By talking about their dress and shoes and necklaces, we discredit an authority the majority of people do not want to see women have. If Pakistan’s new foreign minister was a man on his first official state visit in three years, I do not think his outfit would have made headlines.
While Indian papers had a field day with fashion puns over Khar’s visit, one Pakistani blogger used the foreign minister’s wardrobe to raise a legitimate point in her post, “Does Your Foreign Minister Own a Birkin?”:
…As happy as I am that she is Pakistan’s first female Foreign Minister, I have to ask this question (snarky as it may seem): Could she not have done without the Hermes Birkin? Before you brush me aside as a hater, let me clarify that I am a big supporter of well-groomed women (what’s wrong with being hot?). But was it really necessary for a minister from a poor, corruption-stricken country to brandish a limited edition bag that boasts luxury and probably costs somewhere between $10,000-$15,000?
While this is a question I think deserves an answer, the truth of the matter is whether you’re a woman in the public eye in Dhaka or DC, Islamabad or Istanbul, how you look still matters more than what you say.
And the press appears to agree.
*This post of mine was first published on Forbes Woman.
Hey, I absolutely agree with you, I am sick and tired of people objectifying women. On facebook, nearly all my male friends have something to say about her looks or anything else that attracts them, they know nothing about intellect. I also believe women’s day is a humbug, because that is the one day newspapers will carry photos of a bus driver being a women and the next day, an article about an alcoholic beating his wife.
I could not agree with you more. It’s the same in Bangladesh. all hail women’s rights, but then our violence against women stats, and women being beaten to death are make the headlines daily. Our cultures are inherently sexist.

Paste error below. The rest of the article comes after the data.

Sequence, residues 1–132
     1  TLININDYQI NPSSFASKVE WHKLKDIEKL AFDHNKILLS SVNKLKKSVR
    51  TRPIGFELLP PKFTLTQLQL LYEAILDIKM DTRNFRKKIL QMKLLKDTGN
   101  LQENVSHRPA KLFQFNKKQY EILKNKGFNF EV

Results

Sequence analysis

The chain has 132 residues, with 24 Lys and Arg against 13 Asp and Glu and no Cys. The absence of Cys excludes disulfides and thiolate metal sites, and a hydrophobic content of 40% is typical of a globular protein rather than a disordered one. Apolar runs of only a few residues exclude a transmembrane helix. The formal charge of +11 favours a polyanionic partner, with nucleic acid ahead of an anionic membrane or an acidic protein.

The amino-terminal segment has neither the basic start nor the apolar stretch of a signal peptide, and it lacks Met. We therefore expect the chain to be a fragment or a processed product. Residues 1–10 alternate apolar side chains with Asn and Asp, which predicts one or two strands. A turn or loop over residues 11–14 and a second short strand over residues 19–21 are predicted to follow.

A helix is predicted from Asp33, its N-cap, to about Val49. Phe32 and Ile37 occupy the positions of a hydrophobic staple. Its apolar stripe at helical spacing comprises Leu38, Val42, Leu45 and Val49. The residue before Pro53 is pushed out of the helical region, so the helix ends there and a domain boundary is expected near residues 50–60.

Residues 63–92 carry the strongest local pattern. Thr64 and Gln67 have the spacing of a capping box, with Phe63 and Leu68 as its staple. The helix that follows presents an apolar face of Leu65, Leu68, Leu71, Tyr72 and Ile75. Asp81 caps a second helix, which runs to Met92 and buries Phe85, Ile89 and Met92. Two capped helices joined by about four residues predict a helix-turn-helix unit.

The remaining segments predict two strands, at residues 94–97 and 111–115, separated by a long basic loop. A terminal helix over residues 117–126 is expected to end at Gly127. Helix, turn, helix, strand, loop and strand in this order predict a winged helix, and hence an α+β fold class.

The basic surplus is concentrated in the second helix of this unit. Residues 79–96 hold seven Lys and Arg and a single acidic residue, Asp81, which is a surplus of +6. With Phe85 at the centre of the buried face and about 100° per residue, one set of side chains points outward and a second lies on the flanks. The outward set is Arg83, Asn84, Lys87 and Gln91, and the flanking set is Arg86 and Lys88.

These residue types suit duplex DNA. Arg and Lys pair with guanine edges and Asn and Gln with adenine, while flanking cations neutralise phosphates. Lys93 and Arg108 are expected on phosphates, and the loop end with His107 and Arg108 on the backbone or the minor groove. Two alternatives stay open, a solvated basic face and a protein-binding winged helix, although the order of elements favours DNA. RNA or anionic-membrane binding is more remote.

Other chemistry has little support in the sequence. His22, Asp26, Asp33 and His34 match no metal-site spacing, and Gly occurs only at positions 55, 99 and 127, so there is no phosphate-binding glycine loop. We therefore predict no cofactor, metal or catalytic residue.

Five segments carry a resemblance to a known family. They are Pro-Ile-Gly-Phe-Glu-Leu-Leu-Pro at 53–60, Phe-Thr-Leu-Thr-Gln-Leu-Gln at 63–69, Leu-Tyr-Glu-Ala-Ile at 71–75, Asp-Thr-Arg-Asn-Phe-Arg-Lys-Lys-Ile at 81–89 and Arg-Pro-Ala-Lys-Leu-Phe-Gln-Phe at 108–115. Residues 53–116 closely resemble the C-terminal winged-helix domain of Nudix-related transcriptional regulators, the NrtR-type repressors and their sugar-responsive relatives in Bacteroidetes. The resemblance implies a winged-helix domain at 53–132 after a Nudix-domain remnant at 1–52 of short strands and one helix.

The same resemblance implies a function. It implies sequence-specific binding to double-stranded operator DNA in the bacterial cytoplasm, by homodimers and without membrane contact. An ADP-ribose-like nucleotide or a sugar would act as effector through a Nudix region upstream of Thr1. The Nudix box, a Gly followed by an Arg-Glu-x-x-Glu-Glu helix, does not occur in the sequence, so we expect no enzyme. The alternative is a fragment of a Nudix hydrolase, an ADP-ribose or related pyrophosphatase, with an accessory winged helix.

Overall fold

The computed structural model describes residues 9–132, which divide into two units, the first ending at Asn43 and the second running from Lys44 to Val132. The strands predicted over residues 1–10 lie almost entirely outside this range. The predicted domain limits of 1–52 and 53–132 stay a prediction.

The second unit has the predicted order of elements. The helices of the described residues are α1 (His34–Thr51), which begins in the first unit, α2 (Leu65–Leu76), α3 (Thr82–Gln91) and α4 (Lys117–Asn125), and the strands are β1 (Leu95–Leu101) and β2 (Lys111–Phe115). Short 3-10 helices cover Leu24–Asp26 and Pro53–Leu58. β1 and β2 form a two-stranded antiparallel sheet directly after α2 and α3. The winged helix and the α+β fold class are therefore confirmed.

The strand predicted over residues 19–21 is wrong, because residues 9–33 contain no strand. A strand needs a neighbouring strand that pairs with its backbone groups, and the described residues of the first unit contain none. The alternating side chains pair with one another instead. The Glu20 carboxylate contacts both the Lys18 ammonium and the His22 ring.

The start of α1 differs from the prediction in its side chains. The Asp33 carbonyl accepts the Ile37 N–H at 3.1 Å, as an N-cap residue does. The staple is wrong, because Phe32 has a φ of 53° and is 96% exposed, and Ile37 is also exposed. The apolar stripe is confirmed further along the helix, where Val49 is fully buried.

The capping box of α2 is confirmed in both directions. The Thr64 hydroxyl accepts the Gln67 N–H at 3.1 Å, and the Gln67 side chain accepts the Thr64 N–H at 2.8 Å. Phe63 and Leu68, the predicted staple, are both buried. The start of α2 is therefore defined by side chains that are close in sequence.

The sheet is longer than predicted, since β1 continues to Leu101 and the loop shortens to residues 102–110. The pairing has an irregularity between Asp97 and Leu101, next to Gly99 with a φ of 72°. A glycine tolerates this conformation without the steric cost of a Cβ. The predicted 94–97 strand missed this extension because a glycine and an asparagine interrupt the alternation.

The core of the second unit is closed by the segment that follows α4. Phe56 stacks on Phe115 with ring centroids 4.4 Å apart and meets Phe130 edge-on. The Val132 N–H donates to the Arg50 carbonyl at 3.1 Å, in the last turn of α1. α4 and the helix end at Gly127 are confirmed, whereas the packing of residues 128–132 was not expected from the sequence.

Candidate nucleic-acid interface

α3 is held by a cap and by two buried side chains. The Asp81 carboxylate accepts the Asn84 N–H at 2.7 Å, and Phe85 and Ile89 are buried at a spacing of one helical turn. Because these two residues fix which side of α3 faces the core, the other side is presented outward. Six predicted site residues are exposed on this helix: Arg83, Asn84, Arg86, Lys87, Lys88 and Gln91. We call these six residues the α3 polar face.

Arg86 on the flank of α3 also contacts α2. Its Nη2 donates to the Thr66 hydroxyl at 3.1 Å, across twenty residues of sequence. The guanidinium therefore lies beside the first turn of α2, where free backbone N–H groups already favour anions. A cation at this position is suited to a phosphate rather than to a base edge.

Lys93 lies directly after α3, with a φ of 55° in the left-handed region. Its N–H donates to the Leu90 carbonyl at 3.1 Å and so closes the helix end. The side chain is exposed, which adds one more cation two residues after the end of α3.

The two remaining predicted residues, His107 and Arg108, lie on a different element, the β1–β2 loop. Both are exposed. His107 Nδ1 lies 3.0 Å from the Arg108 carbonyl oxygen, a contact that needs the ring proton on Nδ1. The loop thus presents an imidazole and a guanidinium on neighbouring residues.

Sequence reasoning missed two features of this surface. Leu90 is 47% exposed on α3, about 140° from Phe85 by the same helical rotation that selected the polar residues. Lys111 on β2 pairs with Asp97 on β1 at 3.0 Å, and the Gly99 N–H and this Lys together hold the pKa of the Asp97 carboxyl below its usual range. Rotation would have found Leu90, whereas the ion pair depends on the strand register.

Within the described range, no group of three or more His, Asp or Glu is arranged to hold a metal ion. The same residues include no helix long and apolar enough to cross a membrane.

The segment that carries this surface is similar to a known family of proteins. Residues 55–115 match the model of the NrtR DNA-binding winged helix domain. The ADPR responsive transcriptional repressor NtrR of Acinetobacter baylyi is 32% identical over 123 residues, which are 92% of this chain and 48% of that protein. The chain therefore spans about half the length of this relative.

I don’t want to pick on the authors comments about Indian media, but the analysis presented here is too simplistic and rather vague. I think people in public life are expected to dress and behave in a representative way. When Ms. Khar came to India, she was representing Pakistan and not herself on a personal level. Keeping that in mind I think she should have dressed appropriately and frankly a foreign minister of a country where poverty is endemic and survival is based on foreign donations and grants, flaunting Berkins bag is just obscene. I think Zardari would have received similar attention should he came to India in a Armani suit with diamond studded buttons or something to that effect. Hillary with her $5000 necklace can still be excused because she represents US, a rich and powerful country. I don’t completely disagree that elements of sexism weren’t there but blaming the entire episode on Indian media is just plain ignorance. Moreover, she didn’t had anything new to say. I think the Indian media did had a point, since there was no new “news” in her visit except her display of exorbitance. Thanks.
Commenting on Ms. Hina’s anatomy, bag, etc., is quite offensive. It takes a lot of courage and determination for a woman in her early 30s to take up the most responsible office of Foreign Minister of a country, which is already ravaged with the effects of floods and terrorism. Her interviews and her address at the UN General Assembly show that she is mature enough and competent to work on bringing about peace and stability in the SAARC region. Hinaji, I have great respect for you and your efforts as a Foreign Minister even though you are quite younger than me in age.
I’m quite pleased with the informoatin in this one. TY!